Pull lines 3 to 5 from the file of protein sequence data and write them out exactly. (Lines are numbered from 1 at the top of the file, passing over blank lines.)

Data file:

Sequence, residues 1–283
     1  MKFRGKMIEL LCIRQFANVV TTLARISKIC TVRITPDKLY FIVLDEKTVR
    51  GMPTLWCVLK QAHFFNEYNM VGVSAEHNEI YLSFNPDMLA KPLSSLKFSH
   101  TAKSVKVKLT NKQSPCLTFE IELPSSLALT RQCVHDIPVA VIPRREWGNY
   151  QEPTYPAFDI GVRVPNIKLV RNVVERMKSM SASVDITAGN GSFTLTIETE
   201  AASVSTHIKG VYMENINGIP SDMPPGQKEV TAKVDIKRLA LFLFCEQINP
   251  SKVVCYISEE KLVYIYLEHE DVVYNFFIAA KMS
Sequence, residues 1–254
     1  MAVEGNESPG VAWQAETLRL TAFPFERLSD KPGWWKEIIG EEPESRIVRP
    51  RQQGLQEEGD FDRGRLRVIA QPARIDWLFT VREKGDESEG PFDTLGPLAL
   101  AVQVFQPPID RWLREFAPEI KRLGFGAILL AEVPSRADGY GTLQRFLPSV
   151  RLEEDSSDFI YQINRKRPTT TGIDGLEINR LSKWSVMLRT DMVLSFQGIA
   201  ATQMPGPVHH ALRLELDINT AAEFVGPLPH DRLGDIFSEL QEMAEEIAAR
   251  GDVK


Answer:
    51  GMPTLWCVLK QAHFFNEYNM VGVSAEHNEI YLSFNPDMLA KPLSSLKFSH
   101  TAKSVKVKLT NKQSPCLTFE IELPSSLALT RQCVHDIPVA VIPRREWGNY
   151  QEPTYPAFDI GVRVPNIKLV RNVVERMKSM SASVDITAGN GSFTLTIETE